I woke up feeling sick this morning. No, it’s not from overindulging during yesterday’s brewery tour (though it’s possible twelve pounds of tater tots was not the best dinner choice).
A stomach bug has been going around the office, and though I haven’t consulted the schedule, I have a hunch it’s my turn.
Writing is challenging under the best of circumstances, but attempting it when you feel like hurking into the potted plant on your desk is an especially unpleasant endeavor. I’m by no means a medical professional, but here are three things that help me muscle through when I’m not feeling my best.
Do the grunt work. If your brain is fried from fever but you can’t bear the thought of not opening your manuscript, focus on the inane tasks you’ve been procrastinating. Research the name of that disease your hero contracts in chapter six, or edit that scene you wrote fast and furious and now can’t stand reading because every third word is an adverb or “that.” Even if your creativity is taking a day off, you don’t have to.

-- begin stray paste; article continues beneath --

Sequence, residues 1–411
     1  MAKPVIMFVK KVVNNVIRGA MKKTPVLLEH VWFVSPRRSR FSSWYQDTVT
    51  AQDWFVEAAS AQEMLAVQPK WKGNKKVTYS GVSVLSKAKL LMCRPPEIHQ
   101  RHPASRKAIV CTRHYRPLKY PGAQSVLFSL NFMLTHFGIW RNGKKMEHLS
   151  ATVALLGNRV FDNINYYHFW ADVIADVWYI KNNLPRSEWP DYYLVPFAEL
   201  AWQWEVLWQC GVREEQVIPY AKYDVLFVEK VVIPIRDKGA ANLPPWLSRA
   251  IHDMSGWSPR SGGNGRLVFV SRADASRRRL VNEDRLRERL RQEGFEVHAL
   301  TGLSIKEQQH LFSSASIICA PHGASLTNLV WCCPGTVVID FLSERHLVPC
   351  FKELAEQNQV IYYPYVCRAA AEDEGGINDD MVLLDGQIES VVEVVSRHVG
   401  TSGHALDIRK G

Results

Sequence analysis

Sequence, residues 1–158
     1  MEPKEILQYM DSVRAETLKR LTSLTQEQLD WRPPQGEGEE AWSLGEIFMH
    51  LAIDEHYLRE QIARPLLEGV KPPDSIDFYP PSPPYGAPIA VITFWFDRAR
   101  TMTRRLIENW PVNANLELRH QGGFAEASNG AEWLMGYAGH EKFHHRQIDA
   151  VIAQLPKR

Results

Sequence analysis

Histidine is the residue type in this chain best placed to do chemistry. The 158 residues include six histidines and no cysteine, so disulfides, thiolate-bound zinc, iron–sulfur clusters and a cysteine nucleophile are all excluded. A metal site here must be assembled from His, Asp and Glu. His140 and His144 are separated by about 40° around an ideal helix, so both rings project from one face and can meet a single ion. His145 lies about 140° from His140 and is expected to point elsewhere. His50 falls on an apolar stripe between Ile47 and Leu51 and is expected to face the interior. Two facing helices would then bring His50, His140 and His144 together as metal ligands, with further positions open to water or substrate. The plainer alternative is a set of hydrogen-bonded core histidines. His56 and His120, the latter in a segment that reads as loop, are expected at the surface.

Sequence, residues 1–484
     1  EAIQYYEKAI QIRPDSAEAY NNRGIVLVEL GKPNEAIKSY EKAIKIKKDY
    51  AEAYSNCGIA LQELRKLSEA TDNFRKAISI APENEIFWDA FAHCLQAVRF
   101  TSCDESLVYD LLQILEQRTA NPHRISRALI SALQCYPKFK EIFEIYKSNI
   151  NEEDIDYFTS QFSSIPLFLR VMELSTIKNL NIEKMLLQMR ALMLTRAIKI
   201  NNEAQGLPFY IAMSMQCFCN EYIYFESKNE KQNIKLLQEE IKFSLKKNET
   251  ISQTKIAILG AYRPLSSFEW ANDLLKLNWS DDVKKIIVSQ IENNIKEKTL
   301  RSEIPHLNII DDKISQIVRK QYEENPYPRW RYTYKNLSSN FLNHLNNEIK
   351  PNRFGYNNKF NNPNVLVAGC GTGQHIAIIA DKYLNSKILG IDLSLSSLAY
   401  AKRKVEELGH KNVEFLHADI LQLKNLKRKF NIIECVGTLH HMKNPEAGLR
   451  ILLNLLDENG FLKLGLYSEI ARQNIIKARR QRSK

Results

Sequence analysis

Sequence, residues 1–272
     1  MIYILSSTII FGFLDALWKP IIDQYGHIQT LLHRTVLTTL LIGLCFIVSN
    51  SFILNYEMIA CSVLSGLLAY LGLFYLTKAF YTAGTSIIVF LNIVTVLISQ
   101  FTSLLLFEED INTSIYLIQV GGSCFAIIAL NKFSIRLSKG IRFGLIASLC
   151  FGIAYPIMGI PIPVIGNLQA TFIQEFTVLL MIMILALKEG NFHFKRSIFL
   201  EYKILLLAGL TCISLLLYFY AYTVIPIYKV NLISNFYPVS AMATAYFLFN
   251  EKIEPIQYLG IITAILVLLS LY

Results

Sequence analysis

Channel the ick. Will your book have a scene where a character isn’t feeling her best? Consider tackling it while you can relate. Getting into the right mindset to write a bad breakup scene or the death of a character is a whole lot easier when your head feels like you’ve been slamming it in the car door all night.
Give yourself a break. I know how it is when you’re on deadline or when you really don’t want to lose traction in your manuscript. But sometimes it’s OK to take a day off and snuggle under the blankets with a barf bucket and a good book. Reading is one of the best things a writer can do to hone his or her skills, so consider it self-improvement if that makes you feel better.
What are your tricks for muddling through when your muddler has fever and chills? Please share.
Speaking of sharing, I’d better get to the office. Gotta keep passing this bug around.